High glycemic and insulinemic responses to meals affect plasma growth hormone secretory characteristics in Quarter Horse weanlings.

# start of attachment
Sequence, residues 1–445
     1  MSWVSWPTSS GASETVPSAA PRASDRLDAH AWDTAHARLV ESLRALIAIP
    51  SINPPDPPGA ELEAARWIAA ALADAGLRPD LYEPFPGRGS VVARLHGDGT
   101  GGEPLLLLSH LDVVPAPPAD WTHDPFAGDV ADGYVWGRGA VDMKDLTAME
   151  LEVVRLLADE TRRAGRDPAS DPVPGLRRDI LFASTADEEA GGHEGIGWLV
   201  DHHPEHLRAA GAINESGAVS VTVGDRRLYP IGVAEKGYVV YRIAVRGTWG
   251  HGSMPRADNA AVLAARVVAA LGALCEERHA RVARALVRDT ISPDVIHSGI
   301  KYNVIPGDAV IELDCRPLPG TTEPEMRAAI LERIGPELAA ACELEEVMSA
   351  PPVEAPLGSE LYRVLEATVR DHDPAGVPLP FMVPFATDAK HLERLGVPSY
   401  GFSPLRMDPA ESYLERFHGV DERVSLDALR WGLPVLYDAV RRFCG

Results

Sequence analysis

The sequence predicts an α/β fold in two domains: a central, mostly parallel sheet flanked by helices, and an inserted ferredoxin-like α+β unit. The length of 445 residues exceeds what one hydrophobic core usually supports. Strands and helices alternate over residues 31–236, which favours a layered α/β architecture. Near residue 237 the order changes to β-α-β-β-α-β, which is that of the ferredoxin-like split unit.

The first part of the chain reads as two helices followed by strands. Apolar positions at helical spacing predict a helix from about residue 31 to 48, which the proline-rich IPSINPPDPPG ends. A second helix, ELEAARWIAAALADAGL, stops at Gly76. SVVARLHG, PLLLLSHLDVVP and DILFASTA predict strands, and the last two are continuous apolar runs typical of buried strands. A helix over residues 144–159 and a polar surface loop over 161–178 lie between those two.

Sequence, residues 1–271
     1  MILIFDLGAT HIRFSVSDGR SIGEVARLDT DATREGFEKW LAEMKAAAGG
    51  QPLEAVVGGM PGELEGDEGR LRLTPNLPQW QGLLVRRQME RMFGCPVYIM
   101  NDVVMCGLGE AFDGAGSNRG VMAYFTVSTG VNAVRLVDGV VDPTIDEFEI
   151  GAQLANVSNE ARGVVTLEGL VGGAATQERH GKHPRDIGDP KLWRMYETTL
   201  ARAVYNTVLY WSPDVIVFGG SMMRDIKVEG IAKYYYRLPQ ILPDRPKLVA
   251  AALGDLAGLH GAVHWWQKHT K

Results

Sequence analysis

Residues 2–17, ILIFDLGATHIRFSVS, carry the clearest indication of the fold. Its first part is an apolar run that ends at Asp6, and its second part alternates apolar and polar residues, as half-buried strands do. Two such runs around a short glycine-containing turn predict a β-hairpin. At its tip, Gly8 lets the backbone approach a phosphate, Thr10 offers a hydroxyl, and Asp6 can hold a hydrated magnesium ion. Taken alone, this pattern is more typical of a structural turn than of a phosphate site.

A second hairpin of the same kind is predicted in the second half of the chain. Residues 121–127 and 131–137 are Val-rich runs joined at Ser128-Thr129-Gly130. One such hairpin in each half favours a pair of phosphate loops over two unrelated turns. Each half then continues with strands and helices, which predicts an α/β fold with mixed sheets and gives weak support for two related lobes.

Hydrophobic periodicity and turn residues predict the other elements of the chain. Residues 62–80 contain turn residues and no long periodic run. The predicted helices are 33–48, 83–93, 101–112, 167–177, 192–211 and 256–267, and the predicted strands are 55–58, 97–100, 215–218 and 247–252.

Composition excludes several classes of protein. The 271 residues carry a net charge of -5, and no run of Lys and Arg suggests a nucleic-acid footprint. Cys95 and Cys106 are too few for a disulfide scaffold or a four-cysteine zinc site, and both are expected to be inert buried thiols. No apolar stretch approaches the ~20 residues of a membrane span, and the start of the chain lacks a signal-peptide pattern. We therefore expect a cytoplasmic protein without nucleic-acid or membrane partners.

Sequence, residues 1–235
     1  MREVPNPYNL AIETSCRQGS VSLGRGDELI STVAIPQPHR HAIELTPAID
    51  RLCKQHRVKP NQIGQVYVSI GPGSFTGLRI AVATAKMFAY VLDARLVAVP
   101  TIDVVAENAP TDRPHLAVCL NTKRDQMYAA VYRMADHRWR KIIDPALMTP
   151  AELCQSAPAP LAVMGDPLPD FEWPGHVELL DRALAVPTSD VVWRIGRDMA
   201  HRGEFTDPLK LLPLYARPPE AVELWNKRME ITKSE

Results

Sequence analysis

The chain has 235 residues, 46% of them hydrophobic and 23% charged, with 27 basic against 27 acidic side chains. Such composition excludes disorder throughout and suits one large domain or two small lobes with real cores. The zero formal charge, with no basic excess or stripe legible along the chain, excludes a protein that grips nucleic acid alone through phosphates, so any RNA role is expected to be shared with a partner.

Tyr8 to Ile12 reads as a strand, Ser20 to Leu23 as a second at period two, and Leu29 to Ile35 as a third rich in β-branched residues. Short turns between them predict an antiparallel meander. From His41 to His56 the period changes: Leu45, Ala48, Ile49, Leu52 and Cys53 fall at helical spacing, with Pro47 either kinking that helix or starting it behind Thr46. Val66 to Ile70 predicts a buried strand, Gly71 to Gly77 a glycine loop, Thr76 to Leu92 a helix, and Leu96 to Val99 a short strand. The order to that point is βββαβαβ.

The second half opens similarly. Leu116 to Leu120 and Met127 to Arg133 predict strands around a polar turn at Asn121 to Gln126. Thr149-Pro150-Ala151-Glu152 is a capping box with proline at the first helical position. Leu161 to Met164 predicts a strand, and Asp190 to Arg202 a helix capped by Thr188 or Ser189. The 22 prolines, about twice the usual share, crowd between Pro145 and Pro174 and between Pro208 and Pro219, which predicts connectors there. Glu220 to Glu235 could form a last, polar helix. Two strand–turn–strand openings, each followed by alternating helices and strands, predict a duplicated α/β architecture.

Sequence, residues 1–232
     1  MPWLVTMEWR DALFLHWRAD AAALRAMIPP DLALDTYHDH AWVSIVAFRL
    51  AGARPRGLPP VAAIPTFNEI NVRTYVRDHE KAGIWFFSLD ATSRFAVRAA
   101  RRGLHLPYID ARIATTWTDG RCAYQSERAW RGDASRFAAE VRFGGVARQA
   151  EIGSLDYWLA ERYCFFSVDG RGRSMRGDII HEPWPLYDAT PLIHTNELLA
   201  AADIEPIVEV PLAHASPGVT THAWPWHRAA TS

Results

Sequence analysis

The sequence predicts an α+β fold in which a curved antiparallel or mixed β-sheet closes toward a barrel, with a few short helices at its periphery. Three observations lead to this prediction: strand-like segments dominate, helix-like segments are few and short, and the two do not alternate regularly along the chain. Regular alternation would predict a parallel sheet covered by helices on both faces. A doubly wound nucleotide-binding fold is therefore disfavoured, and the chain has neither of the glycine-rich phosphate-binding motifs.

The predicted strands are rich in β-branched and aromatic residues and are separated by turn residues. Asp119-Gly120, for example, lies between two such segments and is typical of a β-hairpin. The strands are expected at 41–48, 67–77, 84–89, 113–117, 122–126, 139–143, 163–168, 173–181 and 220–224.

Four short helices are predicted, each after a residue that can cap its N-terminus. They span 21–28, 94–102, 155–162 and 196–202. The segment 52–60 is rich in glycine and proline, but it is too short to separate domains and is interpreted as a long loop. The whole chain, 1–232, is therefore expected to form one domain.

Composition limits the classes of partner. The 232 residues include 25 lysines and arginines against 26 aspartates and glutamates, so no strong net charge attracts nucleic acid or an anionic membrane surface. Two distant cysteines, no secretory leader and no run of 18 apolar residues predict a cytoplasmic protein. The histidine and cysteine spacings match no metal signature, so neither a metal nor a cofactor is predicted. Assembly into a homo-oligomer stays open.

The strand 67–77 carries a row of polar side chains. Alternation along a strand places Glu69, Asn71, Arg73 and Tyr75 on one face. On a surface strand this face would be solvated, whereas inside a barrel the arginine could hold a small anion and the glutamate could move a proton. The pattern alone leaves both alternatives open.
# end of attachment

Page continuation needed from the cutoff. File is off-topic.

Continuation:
The metabolic effects of short-term feed restriction and dietary calorie source were studied in horses receiving high-roughage or high-concentrate diets. Four Thoroughbred geldings were assigned to four treatment groups in a 4 x 4 Latin square experiment. The four treatments were 1) a nutritionally adequate high-roughage ration (70% roughage, 30% concentrate; AHR), 2) a nutritionally adequate high-concentrate ration (40% roughage, 60% concentrate; AHC), 3) 70% of the intake of the AHR diet (RHR), and 4) 70% of the intake of the AHC diet (RHC). Diets AHR and AHC were designed to meet the caloric need of horses undergoing moderately intense work. Blood samples were taken on the first 7 d of each period for analysis of serum T4 and T3 concentrations. On d 9 of each feeding period, each horse was fed 1.0 kg of oats as the morning meal. Jugular blood was sampled before and immediately after, as well as at 30 min after, completion of the meal and subsequently every hour for 7 h. Daily serum T4 and T3 concentrations were not affected by day, feeding level, or diet composition. Meal feeding produced an increase (P < 0.01) in T4 and T3 concentrations when horses were adapted to the AHR and AHC diets but not the RHR or RHC diets. Thyroxine concentrations were lowest (P < 0.05) when horses were adapted to the AHC diet. Glucose (P < 0.05), insulin (P < 0.01), and NEFA (P < 0.01) concentrations were higher in response to the meal when horses received RHR than for the other diets. These results indicate that nutrient restriction alters responses to meal feeding in horses and that this response may also be affected by the dietary roughage:concentrate ratio.